Hybrid Memory Cube Takes RAM to the Third Dimension

The new Hybrid Memory Cube promises memory bandwidth up to 1 Tbps, using one-eighth the power per gigabyte. Find out how.

Howard Marks

May 14, 2012

2 Min Read
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As Intel and AMD pack six, eight or more cores into each processor, servers are once again struggling to move data from main memory in and out of those cores fast enough to keep them fully occupied. The Hybrid Memory Cube Consortium, led by Micron, Samsung and Intel, has come up with a memory package that promises higher CPU-to-memory bandwidth by extending integrated circuit technology to the third dimension.

Formerly known as Hyper Memory Cubes, the new Hybrid Memory Cubes promise memory bandwidth up to 1 Tbps, more than 10 times what today's DDR-3 can deliver, while using about one-eighth the power per gigabyte. The cube is a hybrid package that stacks four or eight DRAM chips on top of a base-level memory controller chip.

Stacking the chips in a small package has several advantages. First, the stack keeps the interconnections between the memory chips and logic chip significantly shorter than they could be on a more conventional DIMM. At multigigahertz-frequencies, distances--even those measured in just a few inches--matter, since data signals are limited by the speed of light to traveling about one foot per nanosecond.

Using a stack rather than a single chip required the Hybrid Memory Cube designers to develop what they're calling silicon through-vias, which provide data paths vertically through the extra-thin silicon chips that make up each layer. Without silicon through-vias, signal paths would have to extend to the edges of each chip, where a massive number of interconnection wires would have to be connected. This would slow performance and make the whole thing too complex to manufacture cost effectively.

Most significantly, it allows designers to use completely different integrated circuit manufacturing processes for the memory controller logic chip and the DRAM chips themselves. Combining logic and memory on the same chip means the logic sections of the chip have to be produced using the memory chip process, which significantly limits their performance. A dedicated logic chip provides significantly more horsepower for ECC and other memory management.

We should see Hybrid Memory Cubes appear as preproduction samples some time in 2013, with the technology appearing as an extended processor cache in leading-edge servers, as vendors roll out their next generation of servers in 2014 to 2015. With power players like Micron, Intel, Samsung and most recently Microsoft in the consortium, odds are good that Hybrid Memory Cubes could be the solution to our memory bandwidth woes.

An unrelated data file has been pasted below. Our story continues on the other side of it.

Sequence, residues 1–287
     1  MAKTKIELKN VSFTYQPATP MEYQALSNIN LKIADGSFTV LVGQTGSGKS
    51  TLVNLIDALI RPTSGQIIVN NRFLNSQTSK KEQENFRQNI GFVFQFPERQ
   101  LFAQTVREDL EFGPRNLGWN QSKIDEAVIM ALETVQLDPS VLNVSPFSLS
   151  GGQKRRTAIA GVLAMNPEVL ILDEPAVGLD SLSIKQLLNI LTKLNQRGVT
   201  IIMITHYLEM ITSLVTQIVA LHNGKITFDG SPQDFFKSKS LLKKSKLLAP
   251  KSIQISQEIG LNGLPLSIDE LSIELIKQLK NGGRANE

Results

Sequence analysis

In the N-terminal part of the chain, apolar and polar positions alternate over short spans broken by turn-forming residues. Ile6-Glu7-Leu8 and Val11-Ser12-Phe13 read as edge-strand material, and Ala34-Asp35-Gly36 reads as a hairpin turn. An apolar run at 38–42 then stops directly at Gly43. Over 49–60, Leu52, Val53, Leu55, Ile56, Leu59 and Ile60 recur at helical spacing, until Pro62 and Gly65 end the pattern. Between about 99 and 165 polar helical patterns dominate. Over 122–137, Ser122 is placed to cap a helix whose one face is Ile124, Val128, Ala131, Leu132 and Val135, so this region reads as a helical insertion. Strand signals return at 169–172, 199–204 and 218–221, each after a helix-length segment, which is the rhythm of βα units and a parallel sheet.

Disclaimer: Micron has provided SSDs for use in DeepStorage Labs.

About the Author(s)

Howard Marks

Network Computing Blogger

Howard Marks</strong>&nbsp;is founder and chief scientist at Deepstorage LLC, a storage consultancy and independent test lab based in Santa Fe, N.M. and concentrating on storage and data center networking. In more than 25 years of consulting, Marks has designed and implemented storage systems, networks, management systems and Internet strategies at organizations including American Express, J.P. Morgan, Borden Foods, U.S. Tobacco, BBDO Worldwide, Foxwoods Resort Casino and the State University of New York at Purchase. The testing at DeepStorage Labs is informed by that real world experience.</p><p>He has been a frequent contributor to <em>Network Computing</em>&nbsp;and&nbsp;<em>InformationWeek</em>&nbsp;since 1999 and a speaker at industry conferences including Comnet, PC Expo, Interop and Microsoft's TechEd since 1990. He is the author of&nbsp;<em>Networking Windows</em>&nbsp;and co-author of&nbsp;<em>Windows NT Unleashed</em>&nbsp;(Sams).</p><p>He is co-host, with Ray Lucchesi of the monthly Greybeards on Storage podcast where the voices of experience discuss the latest issues in the storage world with industry leaders.&nbsp; You can find the podcast at: http://www.deepstorage.net/NEW/GBoS

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